The morning fog is cool, a gentle breeze blowing in from the Pacific as I get into my car. Highway 101 is just a street here, reminiscent of an earlier, simpler time when major highways were lined with businesses in small towns like this rather than bypassed by interstates. Just south of town, it turns back into a divided highway again. The town quickly fades in my rear view mirror, replaced by serene mountains, the fog only accentuating the greenery. I take a final glimpse at Humboldt Bay and sigh. I was only coming to Eureka to see redwoods, the huge trees of myth. And I did, but I found so much more in this Northern California slice of heaven.
I thought Eureka was just a town. Yes, it’s the westernmost city in the continental US with more than 25,000 residents. Yes, it’s located on Humboldt Bay, making for beautiful cool coastal days and nights. And yes, it’s conveniently located about halfway between Redwood National Park to the north and Humboldt Redwoods State Park to the south, two of the best places to see the giant coastal redwoods. But Eureka itself as a destination? It wasn’t even remotely on my radar. I was just here for the trees.
Redwoods were far from my mind, though, as the calm waters of Humboldt Bay glided by. My perch in the back (stern) of the Madaket was a perfect spot to observe Eureka’s waterfront and the myriad of seabirds and sailboats out on a beautiful crisp evening. The Madaket has been offering hour-long sailings for decades, taking locals and visitors around the sheltered waterway upon which Eureka was built. I sipped a tropical cocktail, the irony not lost on me as the winds from the movement of the boat made me a bit chilly. But a drink here is part of the fun; the Madaket hosts the smallest licensed bar by square footage in California.
Humboldt Bay is more than just a beautiful body of water. It provides more than 70% of California’s oysters, an abundance of other seafood, and a natural sheltered harbor that was the center of the lumber industry for nearly a century. It is connected to the Pacific by only a narrow channel, and was missed by early explorers due to that and the fog that seems ever-present. Had it been “discovered” earlier, perhaps Eureka would be a more major city and port.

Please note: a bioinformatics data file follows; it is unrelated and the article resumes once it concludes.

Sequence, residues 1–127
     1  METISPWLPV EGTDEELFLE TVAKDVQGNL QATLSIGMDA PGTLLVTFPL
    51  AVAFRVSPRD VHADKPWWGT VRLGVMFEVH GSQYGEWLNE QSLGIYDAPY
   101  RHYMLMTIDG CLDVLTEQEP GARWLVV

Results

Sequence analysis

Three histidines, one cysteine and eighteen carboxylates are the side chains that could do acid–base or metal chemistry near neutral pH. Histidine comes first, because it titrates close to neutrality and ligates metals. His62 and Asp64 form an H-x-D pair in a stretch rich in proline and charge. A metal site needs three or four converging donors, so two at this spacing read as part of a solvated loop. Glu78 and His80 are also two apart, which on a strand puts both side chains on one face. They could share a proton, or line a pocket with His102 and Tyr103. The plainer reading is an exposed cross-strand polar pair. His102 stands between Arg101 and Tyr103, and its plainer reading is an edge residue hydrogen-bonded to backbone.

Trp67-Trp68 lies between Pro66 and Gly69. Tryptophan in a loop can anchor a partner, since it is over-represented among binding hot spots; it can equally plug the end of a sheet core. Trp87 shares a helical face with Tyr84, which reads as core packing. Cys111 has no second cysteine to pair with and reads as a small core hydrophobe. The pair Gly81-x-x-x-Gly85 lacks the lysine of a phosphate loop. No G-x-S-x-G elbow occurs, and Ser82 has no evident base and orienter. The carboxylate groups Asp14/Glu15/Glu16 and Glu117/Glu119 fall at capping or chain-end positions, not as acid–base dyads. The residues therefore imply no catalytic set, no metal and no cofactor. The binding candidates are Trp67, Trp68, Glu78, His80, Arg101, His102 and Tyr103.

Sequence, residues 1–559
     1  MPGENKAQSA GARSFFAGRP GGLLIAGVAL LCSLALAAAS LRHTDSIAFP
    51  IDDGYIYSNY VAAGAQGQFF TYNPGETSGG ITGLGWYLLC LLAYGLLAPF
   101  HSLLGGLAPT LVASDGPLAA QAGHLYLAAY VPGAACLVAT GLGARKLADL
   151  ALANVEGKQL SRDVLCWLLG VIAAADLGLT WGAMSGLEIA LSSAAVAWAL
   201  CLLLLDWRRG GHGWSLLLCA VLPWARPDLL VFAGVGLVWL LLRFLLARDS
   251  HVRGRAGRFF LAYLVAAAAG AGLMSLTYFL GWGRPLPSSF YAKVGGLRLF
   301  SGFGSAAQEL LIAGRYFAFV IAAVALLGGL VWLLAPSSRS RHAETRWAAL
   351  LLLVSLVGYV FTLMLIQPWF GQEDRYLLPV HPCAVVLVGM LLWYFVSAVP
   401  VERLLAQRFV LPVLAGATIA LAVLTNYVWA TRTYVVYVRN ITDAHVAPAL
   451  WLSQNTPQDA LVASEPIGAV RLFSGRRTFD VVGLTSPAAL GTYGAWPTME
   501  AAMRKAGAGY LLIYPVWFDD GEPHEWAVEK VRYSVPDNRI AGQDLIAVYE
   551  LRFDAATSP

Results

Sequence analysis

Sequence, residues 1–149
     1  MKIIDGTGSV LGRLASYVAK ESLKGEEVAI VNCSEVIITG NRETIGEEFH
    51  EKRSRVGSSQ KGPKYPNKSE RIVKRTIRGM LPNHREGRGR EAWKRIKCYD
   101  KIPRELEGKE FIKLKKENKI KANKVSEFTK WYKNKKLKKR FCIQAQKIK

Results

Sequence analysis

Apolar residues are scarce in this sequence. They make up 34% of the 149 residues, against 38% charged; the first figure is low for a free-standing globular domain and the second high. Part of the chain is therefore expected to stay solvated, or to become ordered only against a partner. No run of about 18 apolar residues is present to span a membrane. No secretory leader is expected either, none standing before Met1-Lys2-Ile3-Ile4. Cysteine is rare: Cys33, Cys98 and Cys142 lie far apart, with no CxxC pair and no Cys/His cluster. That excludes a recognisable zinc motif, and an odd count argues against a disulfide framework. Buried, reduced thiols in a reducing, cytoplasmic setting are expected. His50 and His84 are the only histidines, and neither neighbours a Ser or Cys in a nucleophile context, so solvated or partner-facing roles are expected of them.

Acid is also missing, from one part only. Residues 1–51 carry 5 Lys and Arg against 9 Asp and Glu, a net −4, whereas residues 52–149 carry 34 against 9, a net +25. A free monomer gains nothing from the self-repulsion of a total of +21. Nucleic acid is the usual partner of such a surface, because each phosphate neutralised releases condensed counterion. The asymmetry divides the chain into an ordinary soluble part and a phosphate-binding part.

As the cruise continued back to the dock just off Eureka’s downtown, I found myself grateful that Eureka isn’t larger and busier. An experience like this would be impossible. A final face full of salty breeze and a last sip of my drink made for lasting memories and smiles. And I was only here for the trees.
Trees were certainly not on my mind an hour later when I settled in at Phatsy Klines for some of those famous Humboldt Bay oysters and a dinner of chickpea cakes and quail egg shooters. (The shooter works as follows: take a sip of high quality sake, slurp down the egg with a smoky soy mixed in, and finish with the rest of the sake. It blows my mind that every other restaurant isn’t doing this.) Oh, and the creme brulee of the day, a cardamom perfection that just cried out for seconds.
Just a couple short blocks off the waterfront, this incredibly hip eatery and drinkery is built into the Eagle House, a restored hotel that I will have to stay at next time I am in town. Seating goes into the huge indoor atrium, and my table there was perfectly positioned to appreciate the thoughtful and quirky decor. But even that was outdone by the food.
And Phatsy Kline’s is only one of a huge number of well-rated and amazing looking casual but gourmet restaurants in Eureka. For a different spin, try Brick and Fire. Located in a residential neighborhood with some of Eureka’s famous Victorian homes, this cool pub was home to a great pizza and something new: mushroom cobbler. Get it. Thank me.
And to think I was only here for the redwoods. Fortunately, Eureka offers its own take on that experience, as well.
The walkway was about 80 feet up, swaying slightly, though always feeling stable under my feet. I looked over the edge, down on Eureka’s Sequoia Park and Sequoia Park Zoo, California’s oldest zoo to remain in a single location. Underneath me, I saw construction of a new exhibit, one that will house coyotes and bears, and I couldn’t help but wish it had been open when I was here. This is the view that only the birds and trees have… and those lucky enough to experience Sequoia Park Zoo’s new Redwood Sky Walk, a series of bridges taking visitors up to 100 feet in the canopy of Eureka’s own grove of the beauties.
The walkway is fully ADA-accessible – except for a few swinging bridges clearly marked – and offers a completely unique way to experience the majesty of redwoods. It’s a short, but meaningful, stroll through the canopy. Combined with the small, cute zoo, it is a perfect family activity for those wishing to do more than stand at the base of a redwood giant in one of the national or state parks.
The smell of the trees and the breeze filled my nostrils as I closed my eyes to the splotches of sunlight seeping through. It’s a lucky person indeed to be here in a moment like this!
I came to Eureka because I wanted to see the giant redwoods located outside the city. This was just a place to sleep, a convenient dot on a map, and nothing else. I was wrong. While my experiences seeing the beautiful trees was everything I hoped for, it was Eureka itself that surprised me, offering me a set of incredible activities that I feel only scratched the surface of what the area can offer.
As the town fades behind me and the highway opens up, I sigh. Eureka may be quickly disappearing in my rear view mirror, but the amazing time I had here will stay with me forever.
Thank you to Leigh Pierre-Oetker at the Sequoia Park Zoo Foundation for the welcome and tour. And a huge thank you to Julie Benbow at the Humboldt County Visitors Bureau for your hospitality, itinerary, and friendship. You made this trip so amazing for me!
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